“Deep down, Maritz and his colleagues know the traditional operating system isn’t going anywhere anytime soon.”
I wrote that sentence last month, when I argued that VMware’s iPad app actually strengthens IT’s reliance on Windows, not diminishes it. Although CEO Paul Maritz and co. have been banging the “death of the traditional operating system” drum for years now, their vision of VMware as a Windows OS killer is still a pipe dream.
And honestly, if VMware execs wanted to compete head-on with Microsoft in the OS market, they could’ve gone and acquired Novell when they had the chance. The fact that they didn’t is telling. They’d rather attack the traditional OS indirectly, through the applications market, and this strategy has really come together in the past few weeks.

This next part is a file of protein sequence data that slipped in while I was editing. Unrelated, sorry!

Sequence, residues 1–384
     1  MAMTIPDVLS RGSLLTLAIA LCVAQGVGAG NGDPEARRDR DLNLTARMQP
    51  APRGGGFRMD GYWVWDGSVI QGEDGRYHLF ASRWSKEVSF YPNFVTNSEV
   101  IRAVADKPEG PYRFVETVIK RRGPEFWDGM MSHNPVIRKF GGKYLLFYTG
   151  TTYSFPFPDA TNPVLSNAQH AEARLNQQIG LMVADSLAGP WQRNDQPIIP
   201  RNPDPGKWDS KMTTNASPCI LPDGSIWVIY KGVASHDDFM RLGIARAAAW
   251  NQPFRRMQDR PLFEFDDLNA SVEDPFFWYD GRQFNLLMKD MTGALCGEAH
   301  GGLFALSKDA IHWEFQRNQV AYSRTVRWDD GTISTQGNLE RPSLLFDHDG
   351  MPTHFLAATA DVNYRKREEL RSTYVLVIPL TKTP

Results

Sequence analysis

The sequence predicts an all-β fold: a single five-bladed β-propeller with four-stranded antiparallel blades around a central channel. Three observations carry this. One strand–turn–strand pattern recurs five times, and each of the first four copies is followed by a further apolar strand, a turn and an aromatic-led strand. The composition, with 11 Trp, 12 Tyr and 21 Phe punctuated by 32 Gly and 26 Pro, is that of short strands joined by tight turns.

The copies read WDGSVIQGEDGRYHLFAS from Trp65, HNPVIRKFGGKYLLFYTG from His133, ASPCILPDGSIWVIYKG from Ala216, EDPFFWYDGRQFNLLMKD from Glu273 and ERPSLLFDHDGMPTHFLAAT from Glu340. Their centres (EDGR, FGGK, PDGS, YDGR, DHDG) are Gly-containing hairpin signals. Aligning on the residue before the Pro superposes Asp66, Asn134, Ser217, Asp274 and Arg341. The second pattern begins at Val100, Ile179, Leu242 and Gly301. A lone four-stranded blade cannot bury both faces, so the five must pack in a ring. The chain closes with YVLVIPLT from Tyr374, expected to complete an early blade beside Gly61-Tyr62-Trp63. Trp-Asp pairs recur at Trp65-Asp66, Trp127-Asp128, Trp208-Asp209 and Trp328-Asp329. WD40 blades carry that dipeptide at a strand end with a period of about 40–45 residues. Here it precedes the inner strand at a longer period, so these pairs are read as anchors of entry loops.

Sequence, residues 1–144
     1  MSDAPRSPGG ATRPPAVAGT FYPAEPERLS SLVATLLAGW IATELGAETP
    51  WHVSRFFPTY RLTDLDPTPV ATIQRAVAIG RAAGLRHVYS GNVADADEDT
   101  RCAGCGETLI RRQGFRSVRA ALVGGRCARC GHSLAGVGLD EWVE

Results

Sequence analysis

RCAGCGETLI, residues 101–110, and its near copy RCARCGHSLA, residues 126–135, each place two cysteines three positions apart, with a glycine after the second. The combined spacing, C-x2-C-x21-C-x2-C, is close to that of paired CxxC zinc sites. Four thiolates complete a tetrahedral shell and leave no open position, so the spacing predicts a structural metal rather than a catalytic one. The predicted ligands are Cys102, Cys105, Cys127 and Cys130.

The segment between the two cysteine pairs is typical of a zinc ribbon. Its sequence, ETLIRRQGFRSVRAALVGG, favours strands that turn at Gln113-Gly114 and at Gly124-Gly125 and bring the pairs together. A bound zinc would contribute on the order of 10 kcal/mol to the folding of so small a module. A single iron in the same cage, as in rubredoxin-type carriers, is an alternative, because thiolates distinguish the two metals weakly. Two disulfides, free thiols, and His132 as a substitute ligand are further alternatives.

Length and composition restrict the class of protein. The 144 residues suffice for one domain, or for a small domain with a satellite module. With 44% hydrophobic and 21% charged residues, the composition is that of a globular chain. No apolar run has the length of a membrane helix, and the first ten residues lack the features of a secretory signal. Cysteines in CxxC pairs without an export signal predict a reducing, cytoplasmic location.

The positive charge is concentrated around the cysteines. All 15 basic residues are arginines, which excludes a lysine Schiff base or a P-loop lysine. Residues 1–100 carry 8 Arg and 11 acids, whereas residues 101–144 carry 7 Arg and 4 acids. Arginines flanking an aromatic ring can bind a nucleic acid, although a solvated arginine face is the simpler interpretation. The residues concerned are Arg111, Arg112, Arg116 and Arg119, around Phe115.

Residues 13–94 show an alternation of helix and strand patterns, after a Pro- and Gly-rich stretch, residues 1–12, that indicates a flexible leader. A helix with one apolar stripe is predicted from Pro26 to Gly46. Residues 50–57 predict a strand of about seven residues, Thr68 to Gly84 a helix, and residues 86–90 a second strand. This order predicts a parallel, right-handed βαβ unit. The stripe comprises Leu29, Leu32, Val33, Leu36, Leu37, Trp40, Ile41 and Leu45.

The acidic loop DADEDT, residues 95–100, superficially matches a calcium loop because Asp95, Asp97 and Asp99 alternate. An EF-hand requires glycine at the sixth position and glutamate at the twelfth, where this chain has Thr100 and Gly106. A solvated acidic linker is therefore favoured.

The Zimbra and Mozy acquisitions were head-scratchers at the time; many observers felt they had nothing to do with VMware’s focus on virtualization. But it’s pretty clear now that virtualization is no longer VMware’s endgame.
So what is? Well, I’m not exactly sure what you’d call it, but it sure seems like VMware wants to be Microsoft for the 21st century — a company that offers everything from productivity apps to data center infrastructure software, but does so within the context of on-demand, service-based computing.
Successfully executing this strategy will be a challenge for VMware. Despite VMware’s data center dominance, corporate reliance on Exchange and PowerPoint will not be easy to shake. And although VMware has very loyal customers, they’re mostly infrastructure pros, not application owners.
Still, a lot of the pieces are in place now. And the next time VMware makes an acquisition — of, say, a unified communications service or content management platform — it will be a lot less puzzling.